Navy Spends $1.6B to Upgrade Carrier and Amphib Ship Defenses

Rolling Airframe MissileThe Navy is working on a $1.6 billion technological upgrade overhauling ship defense systems onboard amphibs and aircraft carriers to include interceptor missiles, streamlined radars and software improvements, service officials said.

The work is being done on what’s called Ship Self Defense Systems, or SSDS – a series of integrated technologies being upgraded to track, identify and destroy a wide range of possible threats such as incoming enemy supersonic missiles.

“I’m upgrading the SSDS to handle the Joint Strike Fighter and to handle higher threats. My primary upgrades with SSDS are getting an upgrade to be able to handle supersonic targets,” said Rear Adm. Peter Fanta, director of Surface Warfare.

Some of the key elements to the upgrade include getting the ship ready for upgraded missiles such as the Evolved Sea Sparrow Missile Block 2, or ESSM Block 2, and Block 2 of the Rolling Airframe Missile, or RAM Block 2.

Both missiles, already in limited or early production, are engineered to protect carriers,amphibious assault ships and other vessels from cruise missiles, small boat threats and airborne enemy threats such as aircraft or UAS.

The new RAM Block 2 variant includes a new RF receiver, new navigation system and increased diameter to 6-inches, Raytheon officials said. The weapon has a dual mode RF and IR guidance system. The Block 2 missile is 9.45 feet long, weighs 194-pounds and is able to reach supersonic speeds, according to Raytheon and Navy information.

The new missile variant also includes enhanced guidance algorithms and a more powerful dual-thrust rocket motor enabling the missile to reach longer ranges, Raytheon officials said. Overall, the Navy plans to acquire at least 502 RAMs between 2015 and 2019, service officials said.

The Evolved Sea Sparrow Missile Block II, or ESSM, is a new version of an existing Sea Sparrow weapons system currently protecting aircraft carriers, destroyers, cruisers, amphibious assault ships and other vessels against anti-ship missiles and other surface and airborne  short-range threats to ships, Navy officials said.

The ESSM Block II is engineered with what’s called an active guidance system, meaning the missile itself can achieve improved flight or guidance to its target by both receiving and actively sending electromagnetic signals, said Raytheon officials.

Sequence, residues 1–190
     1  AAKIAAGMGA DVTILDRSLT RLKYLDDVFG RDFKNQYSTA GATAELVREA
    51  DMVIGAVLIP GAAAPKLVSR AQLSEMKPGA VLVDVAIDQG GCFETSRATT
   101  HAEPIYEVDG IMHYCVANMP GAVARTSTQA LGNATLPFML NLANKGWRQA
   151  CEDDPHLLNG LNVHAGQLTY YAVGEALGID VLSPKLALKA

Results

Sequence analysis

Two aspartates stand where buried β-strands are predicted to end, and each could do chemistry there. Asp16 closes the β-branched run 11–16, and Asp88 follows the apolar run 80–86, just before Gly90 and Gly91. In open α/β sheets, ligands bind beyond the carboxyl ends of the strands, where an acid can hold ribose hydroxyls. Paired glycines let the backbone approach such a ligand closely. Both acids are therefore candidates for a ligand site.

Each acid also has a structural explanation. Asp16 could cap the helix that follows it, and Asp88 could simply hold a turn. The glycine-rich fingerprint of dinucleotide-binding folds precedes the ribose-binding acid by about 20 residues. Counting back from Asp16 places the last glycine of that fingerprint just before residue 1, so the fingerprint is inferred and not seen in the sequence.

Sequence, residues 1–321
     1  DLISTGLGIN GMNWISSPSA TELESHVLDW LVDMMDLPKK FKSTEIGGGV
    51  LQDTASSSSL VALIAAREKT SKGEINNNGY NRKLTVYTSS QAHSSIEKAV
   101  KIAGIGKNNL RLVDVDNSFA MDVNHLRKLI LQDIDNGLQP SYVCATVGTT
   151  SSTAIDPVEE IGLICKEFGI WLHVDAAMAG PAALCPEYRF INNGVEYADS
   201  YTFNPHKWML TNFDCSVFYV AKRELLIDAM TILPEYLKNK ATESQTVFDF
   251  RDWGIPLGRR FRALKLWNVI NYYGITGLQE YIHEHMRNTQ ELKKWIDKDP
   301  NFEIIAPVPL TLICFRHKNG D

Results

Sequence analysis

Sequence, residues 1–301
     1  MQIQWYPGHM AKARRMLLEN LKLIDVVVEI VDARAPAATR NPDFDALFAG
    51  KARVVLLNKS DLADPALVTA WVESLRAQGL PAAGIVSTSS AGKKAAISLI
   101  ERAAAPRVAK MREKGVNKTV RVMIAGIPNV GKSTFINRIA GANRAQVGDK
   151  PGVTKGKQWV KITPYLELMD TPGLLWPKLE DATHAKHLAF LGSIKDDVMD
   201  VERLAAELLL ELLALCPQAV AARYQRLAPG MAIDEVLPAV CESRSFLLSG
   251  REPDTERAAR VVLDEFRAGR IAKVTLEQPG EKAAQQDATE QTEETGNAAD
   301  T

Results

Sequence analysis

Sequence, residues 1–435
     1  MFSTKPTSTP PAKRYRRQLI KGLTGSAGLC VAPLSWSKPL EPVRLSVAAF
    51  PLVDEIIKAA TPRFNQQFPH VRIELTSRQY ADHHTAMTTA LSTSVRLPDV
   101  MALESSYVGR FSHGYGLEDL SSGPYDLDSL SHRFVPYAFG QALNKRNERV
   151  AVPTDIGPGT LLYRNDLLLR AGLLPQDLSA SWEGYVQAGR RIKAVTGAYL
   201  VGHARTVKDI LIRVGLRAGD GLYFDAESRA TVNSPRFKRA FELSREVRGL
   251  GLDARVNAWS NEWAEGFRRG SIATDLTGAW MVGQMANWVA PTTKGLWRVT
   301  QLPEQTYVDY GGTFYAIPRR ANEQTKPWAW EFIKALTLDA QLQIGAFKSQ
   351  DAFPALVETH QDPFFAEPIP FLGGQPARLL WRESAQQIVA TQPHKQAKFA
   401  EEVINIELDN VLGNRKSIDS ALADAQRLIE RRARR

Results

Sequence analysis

The ESSM uses radar technology to locate and then intercept a fast-approaching target while in flight. The use of what’s called an “illuminator” is a big part of this capability, Raytheon officials said.

The current ESSM missiles use what’s called a semi-active guidance system, meaning the missile itself can receive electromagnetic signals bounced off the target by an illuminator. The ESSM Block 2’s “active” guidance includes illuminator technology built onto the missile itself such that it can both receive and send important electromagnetic signals, Navy and Raytheon officials explained.

“Block 2 relieves us of the requirement to do a lot of illuminator guidance as a short range self-defense. It has an active front end. That gives the fleet more options as there are going to be situations where you are going to want a semi-active guided but when you are dealing in a tough threat situation,” Rear Adm. John Hill, Program Executive Officer, Integrated Warfare Systems, told in an interview.

The missile is able to intercept threats that are close to the surface by sea-skimming or diving in onto a target from a higher altitude, Navy officials explained.  The so-called kinematic or guidance improvements of the Block 2 missile give it an improved ability to counter maneuvering threats, Navy and Raytheon officials said.

ESSM Block 2 is being jointly acquired by the U.S. and a number of allied countries such as Australia, Canada, Denmark, The Netherlands, Norway and Turkey. All these countries signed an ESSM Block II Memorandum of Understanding, or MOU, designed to solidify the developmental path for the missile system through it next phase. The weapon is slated to be fully operational on ships by 2020.

As part of the SSDS overhaul, Navy leaders are now working on a wide range of software and hardware fixes to amphibs and carriers so that they can accommodate the upgraded RAM and ESSM missiles.

“From a combat systems perspective I am updating the software to be able to handle the speed and the ranges that those missiles can now function against. It is both software and hardware. I also have to upgrade the Sea Sparrow launchers to take the added weight of the Sea Sparrow Block 2, upgrade the RAM launchers to take the new RAM systems and I have to upgrade the radar to allow the data to flow back and forth,” Fanta said.

Fanta explained that a lot of the work relates to making sure the upgraded RAM and ESSM missiles can properly integrate into their missile tubes.